Jakarta, Jakarta Post. State-owned energy forms PLN and Pertamina will slog through the planned construction of one of the country’s largest gas-fuelled power plants, although the two parties failed to link agreement by the deadline on Monday.
A consortium led by Pertamina has yet to sign a power purchase agreement (PPA for the construction of the 2 x 800 megawatt (MW) power plant with electricity provider PLN, although the latter has repeatedly threatened to put the project back on auction should the deadline pass before an agreement is reached.
However, things have changed now. PLN procurement director Supangkat Iwan Santosos said that PLN would not cancel the project, dubbed Jawa 1-giving the Pertamina-lead consortium a change to sit longer at the negotiating table.
“We do not know when we will manage to sign the PPA. We are still waiting for a complete review and need some time to complete ant terms that have not yet been agreed upon,” he said, declining would extended.
Under and independent power producer (IPP) scheme, the consortium will construct a power plant worth USD 2 billion in Bekasi, West Java and sell the electricity to PLN for distribution in the Greater Jakarta and Wes Java areas.
Pertamina, along with Japan’s Marubeni and Sojitz Corporation, won the bidding after offering the lowest price of 5.5 US cents per kilowatt hour (kWh) of electricity for PLN to purchase. Thus, the consortium was obliged to sign the PPA within 45 days after the winner was announced.
The consortium outbid a group consisting of local energy company PT Adaro Energy and Singapore’s Sembcorp and another group comprising local firm PT Rukun Rahardja and Mitsubishi Corporation.
If PLN revokes the decision because of unresolved disagreement the Adaro-led consortium was ready to sign the PPA, Pertamina gas and power commercialization vice president Ginanjar said the bankability of the project remained a main concern to lenders.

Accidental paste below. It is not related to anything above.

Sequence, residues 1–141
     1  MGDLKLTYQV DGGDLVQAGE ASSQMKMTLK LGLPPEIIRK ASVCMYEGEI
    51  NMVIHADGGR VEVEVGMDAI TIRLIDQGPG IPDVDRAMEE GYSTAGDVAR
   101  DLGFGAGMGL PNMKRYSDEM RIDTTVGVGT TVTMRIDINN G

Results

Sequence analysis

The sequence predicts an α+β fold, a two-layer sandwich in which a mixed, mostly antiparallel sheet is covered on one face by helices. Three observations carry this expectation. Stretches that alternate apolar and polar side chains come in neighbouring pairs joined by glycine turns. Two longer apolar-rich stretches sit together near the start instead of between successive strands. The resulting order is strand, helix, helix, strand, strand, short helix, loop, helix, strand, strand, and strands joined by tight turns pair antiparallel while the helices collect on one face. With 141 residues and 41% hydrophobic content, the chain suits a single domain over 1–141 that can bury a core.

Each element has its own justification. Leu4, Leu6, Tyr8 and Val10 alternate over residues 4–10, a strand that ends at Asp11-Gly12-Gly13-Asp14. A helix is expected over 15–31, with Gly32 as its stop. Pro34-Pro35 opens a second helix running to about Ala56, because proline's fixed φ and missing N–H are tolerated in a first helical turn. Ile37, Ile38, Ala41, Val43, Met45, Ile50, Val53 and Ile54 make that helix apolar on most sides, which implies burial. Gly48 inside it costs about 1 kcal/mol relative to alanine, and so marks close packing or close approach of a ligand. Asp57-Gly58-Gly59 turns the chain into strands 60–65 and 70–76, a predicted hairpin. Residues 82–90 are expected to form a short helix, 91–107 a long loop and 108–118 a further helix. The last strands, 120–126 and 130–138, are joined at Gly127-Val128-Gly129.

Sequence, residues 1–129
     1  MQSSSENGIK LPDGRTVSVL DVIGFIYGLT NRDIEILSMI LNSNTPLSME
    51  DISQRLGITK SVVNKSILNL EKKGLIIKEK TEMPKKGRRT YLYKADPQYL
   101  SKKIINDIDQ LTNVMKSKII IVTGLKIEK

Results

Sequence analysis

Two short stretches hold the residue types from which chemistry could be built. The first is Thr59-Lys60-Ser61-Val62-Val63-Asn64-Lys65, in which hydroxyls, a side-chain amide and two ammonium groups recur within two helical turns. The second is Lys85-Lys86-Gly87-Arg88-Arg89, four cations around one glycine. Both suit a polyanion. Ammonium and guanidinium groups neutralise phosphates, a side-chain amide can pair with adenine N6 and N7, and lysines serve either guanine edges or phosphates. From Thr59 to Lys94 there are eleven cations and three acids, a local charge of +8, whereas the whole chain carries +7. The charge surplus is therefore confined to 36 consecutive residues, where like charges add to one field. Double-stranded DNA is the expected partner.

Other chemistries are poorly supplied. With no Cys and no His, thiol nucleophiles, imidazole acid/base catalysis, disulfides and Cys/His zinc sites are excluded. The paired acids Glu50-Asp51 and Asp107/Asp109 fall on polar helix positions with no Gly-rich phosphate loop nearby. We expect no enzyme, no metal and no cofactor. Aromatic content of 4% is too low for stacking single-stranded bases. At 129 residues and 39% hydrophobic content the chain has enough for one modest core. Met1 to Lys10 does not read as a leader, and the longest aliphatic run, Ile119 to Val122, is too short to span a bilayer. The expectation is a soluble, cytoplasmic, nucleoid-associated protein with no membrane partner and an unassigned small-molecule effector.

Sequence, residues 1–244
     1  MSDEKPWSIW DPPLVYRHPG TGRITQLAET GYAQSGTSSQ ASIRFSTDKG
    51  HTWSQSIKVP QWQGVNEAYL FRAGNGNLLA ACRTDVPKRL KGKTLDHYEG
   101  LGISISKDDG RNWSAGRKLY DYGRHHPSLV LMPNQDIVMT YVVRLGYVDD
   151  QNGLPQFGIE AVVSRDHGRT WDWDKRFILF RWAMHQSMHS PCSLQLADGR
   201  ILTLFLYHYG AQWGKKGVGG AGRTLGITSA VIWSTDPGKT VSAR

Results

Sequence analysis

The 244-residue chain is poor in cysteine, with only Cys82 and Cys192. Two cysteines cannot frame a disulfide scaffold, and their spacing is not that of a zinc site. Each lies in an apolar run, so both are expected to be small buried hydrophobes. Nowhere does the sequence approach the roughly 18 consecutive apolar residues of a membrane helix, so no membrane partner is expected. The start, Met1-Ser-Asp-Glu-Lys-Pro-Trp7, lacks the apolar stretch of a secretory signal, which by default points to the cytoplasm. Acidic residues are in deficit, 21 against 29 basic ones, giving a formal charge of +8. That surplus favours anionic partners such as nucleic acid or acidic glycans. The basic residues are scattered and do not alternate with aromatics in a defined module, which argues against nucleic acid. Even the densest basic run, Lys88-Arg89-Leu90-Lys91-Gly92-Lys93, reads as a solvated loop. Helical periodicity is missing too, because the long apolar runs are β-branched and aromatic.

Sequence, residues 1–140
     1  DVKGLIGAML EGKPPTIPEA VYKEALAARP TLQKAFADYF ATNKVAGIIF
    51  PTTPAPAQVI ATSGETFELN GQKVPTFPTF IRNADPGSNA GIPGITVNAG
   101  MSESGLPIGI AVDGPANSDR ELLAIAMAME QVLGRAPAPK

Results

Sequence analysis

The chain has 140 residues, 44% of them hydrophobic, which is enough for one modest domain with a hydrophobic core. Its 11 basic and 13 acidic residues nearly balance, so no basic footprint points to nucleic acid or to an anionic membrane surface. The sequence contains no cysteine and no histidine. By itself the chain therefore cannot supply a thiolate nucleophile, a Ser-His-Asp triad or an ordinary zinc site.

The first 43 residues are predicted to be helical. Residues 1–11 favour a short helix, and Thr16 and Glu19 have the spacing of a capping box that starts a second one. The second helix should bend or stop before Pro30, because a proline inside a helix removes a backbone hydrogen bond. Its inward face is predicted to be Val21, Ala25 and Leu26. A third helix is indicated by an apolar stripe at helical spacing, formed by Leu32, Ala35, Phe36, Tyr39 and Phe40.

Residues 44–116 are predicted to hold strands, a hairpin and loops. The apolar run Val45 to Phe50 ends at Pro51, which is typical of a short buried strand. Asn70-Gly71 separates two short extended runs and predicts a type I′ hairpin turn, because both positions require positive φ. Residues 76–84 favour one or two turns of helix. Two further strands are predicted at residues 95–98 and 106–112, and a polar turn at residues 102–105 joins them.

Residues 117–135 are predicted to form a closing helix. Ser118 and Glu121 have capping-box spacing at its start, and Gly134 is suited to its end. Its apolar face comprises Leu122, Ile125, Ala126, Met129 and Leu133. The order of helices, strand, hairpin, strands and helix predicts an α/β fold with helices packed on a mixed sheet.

“One of the issues that remain an obstacle is the issue of bankability, which has already been voices by lenders even before bidding started. The (the concerns) were raised during the market sounding phased,” he told the Jakarta Post.
One of the main issues questioned by the potentials lenders was the liquefied natural gas ILNG) supply. According to Ginanjar, the Jawa 1 power plant will 20-21 cargo loads of LNG to reach 60 percent of its operating capacity.
Furthermore, Ginanjar vehemently denied allegation that Pertamina has demanded PLN buy 92 percent of the plant’s electricity production capacity, instead of maximum of 60 percent as stipulated by the electricity firm’s own bidding rules.
“any technical and economic issues such as capacity have already been managed. This is a high-profile project involving at least 18 international and domestic companies, and Pertamina, alongside its partners is committed to making this project fly,” he said.
Responding to the case, Institute for Essential Services Reform (IESR) executive director Fabby Tumiwa said it was understandable that lender were concerned about the LNG supply it would be provided by PLN as the buyer and not Pertamina as the producer.
PLN has previously ensured that the gas supply for Java 1 would be procured from BP Indonesia’s Tangguh field in West Papua. As the electricity firm does not have any gas field of its own, it will depend on the government and the Upstream Oil and Gas Regulatory Task Force (SKK Migas).
“Lenders will see there is a quite high risk lending a higher (lending) rate. Furthermore, the Pertamina consortium may also have to cover multi-risk mitigation costs if any happens to the gas supply,” he said.
The project is one of the biggest in President Joko “Jokowi” Widodo’s signature electicity procurement program, the 35,000 MW project- a continuation of the 10,000 MW policy launched by the president Susilo Bambang Yudhoyono during his tenure in 2005 in order to maintain reserve margins.